The description of the exact circumstances of the mother’s suicide (16 years ago), for example, should arrive as an absurdist jolt. The report of her death needs to seem faintly ridiculous; instead, here it’s just depressing. And there are too many lost comic opportunities as the evening wears on. The accumulation of depressing details — instead of leavening the sadness along with a few jokes — makes this version of *Crimes* feel, often, like something to be endured and not savored.
It’s almost as if somebody forgot to account for the presence of the audience, as if somebody proposed doing *Crimes of the Heart* all serious without recalling that viewers need some signals about how some portions are meant to be funny.
Baby sister Babe (Ashley Cooper), we learn, has shot the most powerful man in town. And she has her reasons, we’ll discover. But when she shares the news with one of her sisters and they both seem awestruck instead of excited. “Awestruck” impresses listeners with the gravity of the offense: This must be serious stuff indeed. On the other hand, frantic “excitement” would expose a gap between an attempted murder and somebody being rather proud of herself that she had the gumption to pull off such an outrageous act. (And gaps like that lead to comedy.)
Later on, Babe starts pasting the local newspaper’s coverage of one of her misdeeds into her scrapbook, as if it were an accomplishment to be proud of. The gap in attitudes is there again — but the sequence, at least on opening night, wasn’t played for laughs at all.

It’s a very tricky balance, laughing at depressing behaviors, and while this show mostly drags and misses too many opportunities, there are scattered moments of success as well.
Kohlman has a couple of them, demonstrating how humor derives from a clash of perspectives. When Meg confesses that she’s merely had a clerical job out in LA., Lenny naively advises her sister that not having a show-business job is not going to do her any good at all. And in Act Two, Kohlman pulls off a nice comic surprise when her characters is angry at Meg for eating some of her food and for wandering off with another man again. Just when she’s about to yell at Meg for the adultery, she suddenly displaces her anger onto a nearby box of chocolates. The exaggerated arm-waving and refusal to face up to the more serious “crime” made Kohlman’s contribution here all the funnier.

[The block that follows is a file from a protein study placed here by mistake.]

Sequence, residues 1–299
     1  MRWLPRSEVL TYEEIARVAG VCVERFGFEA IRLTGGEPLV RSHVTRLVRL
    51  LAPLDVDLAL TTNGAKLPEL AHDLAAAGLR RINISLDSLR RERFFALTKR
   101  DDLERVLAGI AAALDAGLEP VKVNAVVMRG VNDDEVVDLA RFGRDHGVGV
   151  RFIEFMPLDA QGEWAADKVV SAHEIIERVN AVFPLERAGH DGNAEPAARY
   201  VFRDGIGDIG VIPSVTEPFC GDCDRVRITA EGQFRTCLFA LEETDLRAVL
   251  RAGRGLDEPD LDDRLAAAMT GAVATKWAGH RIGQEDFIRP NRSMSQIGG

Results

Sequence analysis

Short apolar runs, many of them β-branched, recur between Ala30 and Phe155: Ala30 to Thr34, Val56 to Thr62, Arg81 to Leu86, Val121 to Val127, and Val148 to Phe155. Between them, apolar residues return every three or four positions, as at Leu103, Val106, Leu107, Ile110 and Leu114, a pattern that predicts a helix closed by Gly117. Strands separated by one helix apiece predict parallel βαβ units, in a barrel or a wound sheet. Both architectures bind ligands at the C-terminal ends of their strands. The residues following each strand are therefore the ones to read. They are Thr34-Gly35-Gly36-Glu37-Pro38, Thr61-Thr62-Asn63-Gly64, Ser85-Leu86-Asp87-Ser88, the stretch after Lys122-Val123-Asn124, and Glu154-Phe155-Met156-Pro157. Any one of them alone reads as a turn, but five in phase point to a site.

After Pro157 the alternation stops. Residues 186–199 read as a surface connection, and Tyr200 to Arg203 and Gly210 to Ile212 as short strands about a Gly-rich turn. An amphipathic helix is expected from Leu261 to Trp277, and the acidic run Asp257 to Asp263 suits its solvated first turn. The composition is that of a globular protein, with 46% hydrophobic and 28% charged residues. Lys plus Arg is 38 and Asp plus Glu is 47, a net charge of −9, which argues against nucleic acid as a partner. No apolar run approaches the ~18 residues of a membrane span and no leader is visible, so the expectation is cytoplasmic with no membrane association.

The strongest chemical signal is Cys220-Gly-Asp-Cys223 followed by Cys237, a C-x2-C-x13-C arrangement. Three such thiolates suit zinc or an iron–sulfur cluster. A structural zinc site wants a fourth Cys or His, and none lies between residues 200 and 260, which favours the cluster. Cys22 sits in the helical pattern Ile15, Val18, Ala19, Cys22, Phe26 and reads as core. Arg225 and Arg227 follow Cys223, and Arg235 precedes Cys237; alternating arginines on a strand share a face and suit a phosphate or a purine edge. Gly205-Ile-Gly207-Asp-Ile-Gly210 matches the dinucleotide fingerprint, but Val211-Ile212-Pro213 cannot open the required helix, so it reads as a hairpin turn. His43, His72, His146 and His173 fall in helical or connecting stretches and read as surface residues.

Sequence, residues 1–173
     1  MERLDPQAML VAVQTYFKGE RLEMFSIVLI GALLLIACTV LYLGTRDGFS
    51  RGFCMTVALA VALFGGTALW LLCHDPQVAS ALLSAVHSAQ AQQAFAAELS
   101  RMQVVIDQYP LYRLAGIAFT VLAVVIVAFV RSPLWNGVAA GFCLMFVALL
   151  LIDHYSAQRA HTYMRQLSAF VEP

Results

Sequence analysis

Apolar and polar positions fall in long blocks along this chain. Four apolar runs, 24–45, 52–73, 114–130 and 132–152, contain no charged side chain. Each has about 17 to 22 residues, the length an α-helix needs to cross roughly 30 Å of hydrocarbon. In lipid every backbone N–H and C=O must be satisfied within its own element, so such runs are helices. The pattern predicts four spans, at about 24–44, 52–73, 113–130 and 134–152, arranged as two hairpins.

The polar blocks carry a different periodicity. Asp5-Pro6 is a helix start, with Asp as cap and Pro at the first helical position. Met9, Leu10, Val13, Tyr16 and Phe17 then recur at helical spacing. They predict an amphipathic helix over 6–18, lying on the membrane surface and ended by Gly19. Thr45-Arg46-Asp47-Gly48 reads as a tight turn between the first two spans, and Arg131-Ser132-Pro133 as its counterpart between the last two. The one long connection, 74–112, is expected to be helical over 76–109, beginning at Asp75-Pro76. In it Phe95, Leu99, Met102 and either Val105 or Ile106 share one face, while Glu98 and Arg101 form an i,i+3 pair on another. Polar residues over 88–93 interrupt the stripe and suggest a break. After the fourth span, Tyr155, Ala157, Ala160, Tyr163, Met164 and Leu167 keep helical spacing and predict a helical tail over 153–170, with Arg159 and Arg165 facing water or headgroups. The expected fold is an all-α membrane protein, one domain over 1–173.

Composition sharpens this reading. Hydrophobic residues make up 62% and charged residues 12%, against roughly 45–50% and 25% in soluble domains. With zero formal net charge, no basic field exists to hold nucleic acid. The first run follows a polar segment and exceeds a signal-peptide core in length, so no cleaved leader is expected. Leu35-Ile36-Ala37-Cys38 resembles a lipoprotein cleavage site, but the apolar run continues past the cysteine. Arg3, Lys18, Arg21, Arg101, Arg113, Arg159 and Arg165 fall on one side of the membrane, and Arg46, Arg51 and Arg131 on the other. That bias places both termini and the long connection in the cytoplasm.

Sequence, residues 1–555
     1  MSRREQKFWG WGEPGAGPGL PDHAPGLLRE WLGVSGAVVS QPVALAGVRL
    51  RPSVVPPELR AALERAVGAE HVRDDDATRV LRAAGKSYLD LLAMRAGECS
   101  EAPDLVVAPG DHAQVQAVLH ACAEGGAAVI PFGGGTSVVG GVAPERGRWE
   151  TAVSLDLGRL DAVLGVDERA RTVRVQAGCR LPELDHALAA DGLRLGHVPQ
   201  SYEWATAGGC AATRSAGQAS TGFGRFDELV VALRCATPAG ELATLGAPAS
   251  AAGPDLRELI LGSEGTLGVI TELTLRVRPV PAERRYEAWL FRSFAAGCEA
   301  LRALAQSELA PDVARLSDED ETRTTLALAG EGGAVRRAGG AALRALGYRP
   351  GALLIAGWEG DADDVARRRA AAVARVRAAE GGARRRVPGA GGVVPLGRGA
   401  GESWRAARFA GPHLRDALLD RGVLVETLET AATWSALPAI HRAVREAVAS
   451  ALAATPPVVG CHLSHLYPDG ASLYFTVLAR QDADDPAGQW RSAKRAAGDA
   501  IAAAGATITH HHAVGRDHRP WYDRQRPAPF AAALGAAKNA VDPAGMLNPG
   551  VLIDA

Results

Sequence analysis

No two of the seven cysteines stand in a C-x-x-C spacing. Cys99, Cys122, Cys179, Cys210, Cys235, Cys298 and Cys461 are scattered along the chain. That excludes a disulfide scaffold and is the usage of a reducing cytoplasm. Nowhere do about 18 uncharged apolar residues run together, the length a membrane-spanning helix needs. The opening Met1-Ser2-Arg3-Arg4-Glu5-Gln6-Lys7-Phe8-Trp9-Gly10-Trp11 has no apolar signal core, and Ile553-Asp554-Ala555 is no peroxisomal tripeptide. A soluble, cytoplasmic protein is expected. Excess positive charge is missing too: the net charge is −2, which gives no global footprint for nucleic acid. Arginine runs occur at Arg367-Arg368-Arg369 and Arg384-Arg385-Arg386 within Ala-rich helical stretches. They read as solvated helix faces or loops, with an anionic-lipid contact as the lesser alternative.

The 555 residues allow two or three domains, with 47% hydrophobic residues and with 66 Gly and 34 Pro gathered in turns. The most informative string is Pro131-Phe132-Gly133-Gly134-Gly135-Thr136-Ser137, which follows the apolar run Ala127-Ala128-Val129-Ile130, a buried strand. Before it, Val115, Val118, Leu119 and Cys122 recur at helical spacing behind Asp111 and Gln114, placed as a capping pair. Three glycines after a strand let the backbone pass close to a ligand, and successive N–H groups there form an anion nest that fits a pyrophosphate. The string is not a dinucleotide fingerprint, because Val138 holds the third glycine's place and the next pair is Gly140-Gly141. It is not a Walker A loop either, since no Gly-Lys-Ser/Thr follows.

This production needs more moments like that — and like Cooper’s coy encouragement of that cute lawyer (Luke Barats) who’s defending her and who is pursuing a “lifelong vendetta” against their legal opponent. She offers reassurance, he’s after vengeance, and the contrast is funny.
Some of the acting moments reach a high level. In the evening’s first example of exaggeration in the face of a serious threat, Cooper snaps her fingers disdainfully, dismissing her unseen, abusive husband just like that. (He bores her so much, she falls asleep, just like that.) Cooper’s account of how close Babe has come to suicide was persuasive: She really does understand the depths of despair in which her mother was trapped.
In the second act, when Meg and her ex-lover meet again, Dawson glares over the top of a bourbon glass with a look that’s a mixture of resentment and desire. Gasper and Cooper are effective in Meg and Babe’s final bucking-up scene, holding out hope even though lately they’ve gone through a string of really bad days. Barats seems too restrained in the early going, but he’s effective with his nervous tics and standing around at oblique angles whenever he’s around the Magrath sister he’s grown “fond” of.